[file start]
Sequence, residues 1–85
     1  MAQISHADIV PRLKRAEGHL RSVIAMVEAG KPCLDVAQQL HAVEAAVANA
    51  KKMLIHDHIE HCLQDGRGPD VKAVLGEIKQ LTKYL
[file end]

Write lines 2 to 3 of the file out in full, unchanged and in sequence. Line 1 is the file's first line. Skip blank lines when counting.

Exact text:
     1  MAQISHADIV PRLKRAEGHL RSVIAMVEAG KPCLDVAQQL HAVEAAVANA
    51  KKMLIHDHIE HCLQDGRGPD VKAVLGEIKQ LTKYL